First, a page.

|Binge drinking common on college campuses|
|Written by Dana Jordan, Daily Vidette staff writer|
|Sunday, 22 January 2012 14:21|
In the past academic year, 61.3 percent of ISU students reported binge drinking, according to the Core Alcohol and Drug Survey in 2011.
According to Jean Swearingen, medical director of Student Health Services, the most common problems associated with binge drinking include injuries, unplanned sexual encounters, assaults and dehydration from vomiting.
In the 2011 Core Alcohol and Drug Survey, 43 percent of ISU students got into a fight or argument as a result of binge drinking, 40 percent missed a class, 29 percent performed poorly on an exam or project, 45 percent did something they later regretted and 38 percent have been criticized by somebody they know.
“Depending on how much and how often a person drinks, it can take up to a month for full cognitive, critical thinking skills to return,” Kerri Calvert, coordinator for Health Promotion and Wellness, said.
“Just because a hangover is done, doesn’t mean the brain is back to normal,” she added.
Calvert explained binge drinking could lead to serious health issues, including blackouts, which a reported 49 percent of ISU students said they had, including memory loss and alcohol poisoning. Death due to alcohol poisoning is the most serious risk taken as a result of binge drinking. Blackouts are dangerous as well because one has no way of knowing what they are doing, according to Calvert.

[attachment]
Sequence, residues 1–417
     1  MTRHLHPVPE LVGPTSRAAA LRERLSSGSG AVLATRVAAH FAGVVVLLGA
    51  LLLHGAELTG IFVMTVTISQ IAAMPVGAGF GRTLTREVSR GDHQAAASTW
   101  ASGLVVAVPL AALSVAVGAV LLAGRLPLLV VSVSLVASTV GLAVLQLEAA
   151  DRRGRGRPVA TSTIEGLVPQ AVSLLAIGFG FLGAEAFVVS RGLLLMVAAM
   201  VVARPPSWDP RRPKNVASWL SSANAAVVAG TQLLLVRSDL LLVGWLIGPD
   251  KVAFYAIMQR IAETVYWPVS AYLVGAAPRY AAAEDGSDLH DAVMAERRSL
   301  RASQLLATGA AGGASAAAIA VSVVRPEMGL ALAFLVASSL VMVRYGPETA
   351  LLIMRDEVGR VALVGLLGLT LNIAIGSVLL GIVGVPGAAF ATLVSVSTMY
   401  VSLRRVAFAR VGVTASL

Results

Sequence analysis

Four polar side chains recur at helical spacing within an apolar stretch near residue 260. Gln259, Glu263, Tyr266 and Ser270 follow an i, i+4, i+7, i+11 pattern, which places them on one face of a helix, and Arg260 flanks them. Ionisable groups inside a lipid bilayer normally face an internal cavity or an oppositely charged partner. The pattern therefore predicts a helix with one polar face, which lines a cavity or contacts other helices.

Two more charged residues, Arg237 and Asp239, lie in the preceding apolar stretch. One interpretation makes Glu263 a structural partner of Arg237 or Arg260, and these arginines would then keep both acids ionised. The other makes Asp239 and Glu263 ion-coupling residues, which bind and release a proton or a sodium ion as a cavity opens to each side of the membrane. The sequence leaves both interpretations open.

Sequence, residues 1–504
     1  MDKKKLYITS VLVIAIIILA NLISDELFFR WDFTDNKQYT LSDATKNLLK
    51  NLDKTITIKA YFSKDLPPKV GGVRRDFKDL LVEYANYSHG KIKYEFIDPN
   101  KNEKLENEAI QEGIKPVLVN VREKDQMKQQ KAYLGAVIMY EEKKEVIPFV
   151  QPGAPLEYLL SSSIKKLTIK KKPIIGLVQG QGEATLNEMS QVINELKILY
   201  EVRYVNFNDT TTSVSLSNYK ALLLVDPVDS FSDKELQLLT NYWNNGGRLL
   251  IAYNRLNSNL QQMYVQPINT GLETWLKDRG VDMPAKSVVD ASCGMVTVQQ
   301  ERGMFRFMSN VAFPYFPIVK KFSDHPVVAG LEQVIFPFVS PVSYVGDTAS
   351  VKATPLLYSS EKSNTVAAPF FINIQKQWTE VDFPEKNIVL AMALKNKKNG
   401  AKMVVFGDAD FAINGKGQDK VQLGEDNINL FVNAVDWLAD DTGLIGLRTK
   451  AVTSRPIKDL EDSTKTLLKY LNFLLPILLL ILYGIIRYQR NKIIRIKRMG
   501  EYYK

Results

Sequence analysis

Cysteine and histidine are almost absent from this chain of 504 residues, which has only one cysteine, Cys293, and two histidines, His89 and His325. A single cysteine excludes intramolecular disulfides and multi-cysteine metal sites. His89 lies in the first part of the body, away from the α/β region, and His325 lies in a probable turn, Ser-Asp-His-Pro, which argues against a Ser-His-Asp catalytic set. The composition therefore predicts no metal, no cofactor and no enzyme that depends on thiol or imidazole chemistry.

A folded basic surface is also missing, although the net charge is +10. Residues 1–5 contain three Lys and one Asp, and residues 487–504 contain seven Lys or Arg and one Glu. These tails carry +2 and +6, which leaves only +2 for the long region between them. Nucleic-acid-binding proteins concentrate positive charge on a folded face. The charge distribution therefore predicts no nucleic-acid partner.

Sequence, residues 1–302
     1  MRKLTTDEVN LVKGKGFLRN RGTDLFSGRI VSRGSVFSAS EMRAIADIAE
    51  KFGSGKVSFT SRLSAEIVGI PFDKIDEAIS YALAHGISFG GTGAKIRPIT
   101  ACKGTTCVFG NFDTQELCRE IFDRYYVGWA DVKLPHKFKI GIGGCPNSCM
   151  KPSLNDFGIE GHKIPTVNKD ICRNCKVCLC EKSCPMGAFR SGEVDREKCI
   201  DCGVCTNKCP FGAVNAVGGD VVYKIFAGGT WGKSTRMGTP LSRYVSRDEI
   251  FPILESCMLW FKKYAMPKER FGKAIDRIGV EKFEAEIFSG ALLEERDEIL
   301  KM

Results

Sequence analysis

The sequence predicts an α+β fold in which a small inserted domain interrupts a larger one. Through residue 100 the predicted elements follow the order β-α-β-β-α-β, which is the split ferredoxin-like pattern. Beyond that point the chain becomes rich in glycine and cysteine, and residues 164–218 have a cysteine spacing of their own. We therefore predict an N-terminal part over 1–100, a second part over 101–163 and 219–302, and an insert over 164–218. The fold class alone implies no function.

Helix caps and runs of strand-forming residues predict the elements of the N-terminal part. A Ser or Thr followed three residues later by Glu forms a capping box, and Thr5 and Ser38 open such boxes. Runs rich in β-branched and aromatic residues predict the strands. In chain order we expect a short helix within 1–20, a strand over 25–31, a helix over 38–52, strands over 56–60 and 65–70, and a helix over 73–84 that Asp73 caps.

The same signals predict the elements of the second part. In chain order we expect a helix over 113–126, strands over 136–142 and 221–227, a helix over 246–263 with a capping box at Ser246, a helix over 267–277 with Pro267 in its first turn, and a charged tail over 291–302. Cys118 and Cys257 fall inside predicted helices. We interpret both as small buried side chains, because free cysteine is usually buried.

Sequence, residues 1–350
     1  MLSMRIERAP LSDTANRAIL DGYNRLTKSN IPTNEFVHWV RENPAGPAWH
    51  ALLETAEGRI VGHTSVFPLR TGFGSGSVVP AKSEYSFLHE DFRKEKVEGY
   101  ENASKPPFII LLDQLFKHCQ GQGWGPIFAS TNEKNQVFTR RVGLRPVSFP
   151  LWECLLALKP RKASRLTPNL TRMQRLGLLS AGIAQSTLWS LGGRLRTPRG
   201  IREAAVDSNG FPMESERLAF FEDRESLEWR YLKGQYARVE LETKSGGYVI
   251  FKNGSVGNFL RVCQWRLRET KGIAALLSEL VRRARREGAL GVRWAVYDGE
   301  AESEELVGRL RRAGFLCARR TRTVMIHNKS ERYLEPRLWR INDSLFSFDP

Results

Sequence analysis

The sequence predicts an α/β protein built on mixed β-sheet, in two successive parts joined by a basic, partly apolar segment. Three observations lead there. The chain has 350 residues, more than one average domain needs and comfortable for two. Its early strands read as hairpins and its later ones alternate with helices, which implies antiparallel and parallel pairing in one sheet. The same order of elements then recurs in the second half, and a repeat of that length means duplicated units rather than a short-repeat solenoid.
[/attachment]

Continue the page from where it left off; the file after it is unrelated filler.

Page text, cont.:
“Blackouts are the result of either a large amount of alcohol consumed in a short period of time, or someone with a very high tolerance,” Calvert said. “Both of these are risky behaviors that could lead to alcohol poisoning or worse.”
Ongoing instances of binge drinking and blackouts may be a sign of a more serious problem of alcohol use.
Swearingen explained repeated episodes of binge drinking can lead to liver damage, including cirrhosis and liver failure.
It can also lead to damage to the pancreas and other organs, such as the heart and kidneys.
According to Calvert, there are several signs that someone may have a problem with alcohol, including everything a person says involve alcohol, they rearrange their daily schedule to fit around partying and recovery time, they attend work or class hungover or their alcohol use is affecting personal relationships with a boyfriend, girlfriend or significant other.
Student Health Services are available to evaluate and refer students who have been identified as having alcohol-related problems. SHS provides information to inform students about appropriate alcohol use.
For more information about Student Health Services, visit shs.illinoisstate.edu or call (309) 438-8655.